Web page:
Social classroom climate and personalised instruction as predictors of students’ social participation

ZURBRIGGEN, Carmen L A
HOFMANN, Verena
LEHOFER, Mike
SCHWAB, Susanne
2021

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Previous research has repeatedly confirmed that students with special educational needs (SEN) are generally less accepted by their peers. Although inclusive teaching strategies and classroom characteristics are frequently hypothesised to improve students’ social participation, empirical evidence is scarce. Therefore, the purpose of this paper is to investigate classroom characteristics and teaching practices that can help foster social participation, in general, and reduce the effect of lower social participation among students with SEN, in particular. The sample includes 518 students in 31 Grade 4 and 7 classes from Austria, of whom 99 are students with SEN. The results show that students with SEN receive fewer peer nominations and perceive their social participation to be lower compared to their peers without SEN. However, the association between SEN and self-perceived social participation is moderated by the social classroom climate, i.e. the difference becomes smaller when the social classroom climate is more positive. Furthermore, the higher the personalised instruction was rated by a student, the higher was his or her social status. The results suggest that interventions should focus not only on the improvement of individual students (with SEN) but also on changing the whole classroom environment.

Impact of Visual Impairment and Correction on Vision-Related Quality of Life: Comparing People with Different Levels of Visual Acuity in Indonesia

WIDAGDO, T M M
RAPPUN, Y
GANDRUNG, A V
WIBOWO, E
2021

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Purpose: This study assessed the extent to which visual impairment impacts on vision-related quality of life in Indonesia, by comparing four groups of people: those with 1) normal vision, 2) corrected visual impairment, 3) uncorrected visual impairment, and 4) blindness.

 

Method: Purposive sampling was used. There were 162 respondents, between 21 and 86 years of age. Participants with normal vision and blindness were community-dwellers in Yogyakarta, Indonesia. Those with corrected and uncorrected visual impairment were recruited from an eye clinic. This cross- sectional study used NEI VFQ-25 to assess vision-related quality of life. The total scores and 11 NEI VFQ-25 subscales scores of four respondent groups were analysed using ANOVA, followed by post-hoc analyses to reveal between group differences.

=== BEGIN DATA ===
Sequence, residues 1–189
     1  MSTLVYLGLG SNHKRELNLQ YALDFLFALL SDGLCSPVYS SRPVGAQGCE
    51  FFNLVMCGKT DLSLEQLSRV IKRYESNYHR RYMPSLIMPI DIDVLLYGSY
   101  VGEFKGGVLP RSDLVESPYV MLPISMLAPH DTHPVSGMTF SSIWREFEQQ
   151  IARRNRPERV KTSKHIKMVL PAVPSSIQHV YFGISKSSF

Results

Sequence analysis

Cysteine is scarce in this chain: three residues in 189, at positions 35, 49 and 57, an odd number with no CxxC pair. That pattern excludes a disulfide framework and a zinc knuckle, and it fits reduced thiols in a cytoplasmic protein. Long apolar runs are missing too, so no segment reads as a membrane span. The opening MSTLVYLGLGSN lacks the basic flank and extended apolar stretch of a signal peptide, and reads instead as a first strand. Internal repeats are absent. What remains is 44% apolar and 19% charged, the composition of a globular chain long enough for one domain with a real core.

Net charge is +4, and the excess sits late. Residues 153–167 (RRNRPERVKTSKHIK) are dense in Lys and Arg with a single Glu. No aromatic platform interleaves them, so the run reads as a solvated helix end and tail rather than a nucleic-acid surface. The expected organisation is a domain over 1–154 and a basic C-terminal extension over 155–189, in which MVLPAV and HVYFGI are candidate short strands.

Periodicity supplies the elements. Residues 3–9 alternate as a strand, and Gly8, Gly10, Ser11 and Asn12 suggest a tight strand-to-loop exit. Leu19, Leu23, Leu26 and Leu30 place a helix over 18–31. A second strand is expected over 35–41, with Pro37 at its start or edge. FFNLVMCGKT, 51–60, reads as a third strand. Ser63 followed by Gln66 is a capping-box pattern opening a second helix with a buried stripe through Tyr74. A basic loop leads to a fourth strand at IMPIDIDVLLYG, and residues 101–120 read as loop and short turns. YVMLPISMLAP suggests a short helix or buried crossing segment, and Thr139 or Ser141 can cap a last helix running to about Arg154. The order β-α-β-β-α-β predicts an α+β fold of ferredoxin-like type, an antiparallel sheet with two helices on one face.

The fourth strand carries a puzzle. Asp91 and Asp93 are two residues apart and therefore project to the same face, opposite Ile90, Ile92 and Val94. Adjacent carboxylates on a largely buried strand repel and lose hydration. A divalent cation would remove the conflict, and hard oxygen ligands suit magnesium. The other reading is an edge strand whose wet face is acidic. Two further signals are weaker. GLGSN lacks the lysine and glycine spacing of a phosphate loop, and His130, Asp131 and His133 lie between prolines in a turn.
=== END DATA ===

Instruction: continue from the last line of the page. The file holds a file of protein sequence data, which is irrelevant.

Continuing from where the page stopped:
Results: There was a significant difference in the NEI VFQ-25 total scores among the four respondent groups. Respondents with normal vision had the highest score and those with blindness had the lowest. There were also significant differences among the four groups for the 11 subscales. Post-hoc analyses revealed no significant difference between respondents with normal vision and corrected visual impairment in the total and 9 NEI VFQ-25 subscales. Respondents with uncorrected visual impairment and blindness had significantly lower vision- related quality of life compared to those with normal vision or corrected visual impairment in the total and 5 NEI VFQ-25 subscales, indicating that visual impairment decreases vision-related quality of life.

 

Conclusion: Visual impairment has a detrimental impact on a person’s vision- related quality of life. The negative impact of visual impairment can be minimised by correction. Failure to correct visual impairment leads to significantly lowervision-related quality of life.

Barriers to Utilisation of Dental Services among Children with Disabilities in a Coordinated Healthcare Programme in Mangalore, South India: A Mixed Methods Study

SURESH, L R
RAI, K
HEGDE, A M
DSOUZA, C V
2021

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Purpose: Unmet oral health needs affect the quality of life of individuals, especially if they are already at a disadvantage like children with special health care needs. Strategies to mitigate these disparities in India’s diverse healthcare settings have hitherto been largely ineffective. This study was aimed to assess the utilisation and barriers to the use of dental health services among children with special health care needs, against the background of a coordinated healthcare programme implemented in Nitte (Deemed to be University), Mangalore, India.